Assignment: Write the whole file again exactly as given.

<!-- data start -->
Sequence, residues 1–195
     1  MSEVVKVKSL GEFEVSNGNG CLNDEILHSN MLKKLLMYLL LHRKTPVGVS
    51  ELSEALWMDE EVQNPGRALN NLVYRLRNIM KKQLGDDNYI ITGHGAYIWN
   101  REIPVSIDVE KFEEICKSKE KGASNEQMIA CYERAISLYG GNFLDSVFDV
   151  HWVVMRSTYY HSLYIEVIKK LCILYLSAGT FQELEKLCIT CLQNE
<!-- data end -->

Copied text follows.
Sequence, residues 1–195
     1  MSEVVKVKSL GEFEVSNGNG CLNDEILHSN MLKKLLMYLL LHRKTPVGVS
    51  ELSEALWMDE EVQNPGRALN NLVYRLRNIM KKQLGDDNYI ITGHGAYIWN
   101  REIPVSIDVE KFEEICKSKE KGASNEQMIA CYERAISLYG GNFLDSVFDV
   151  HWVVMRSTYY HSLYIEVIKK LCILYLSAGT FQELEKLCIT CLQNE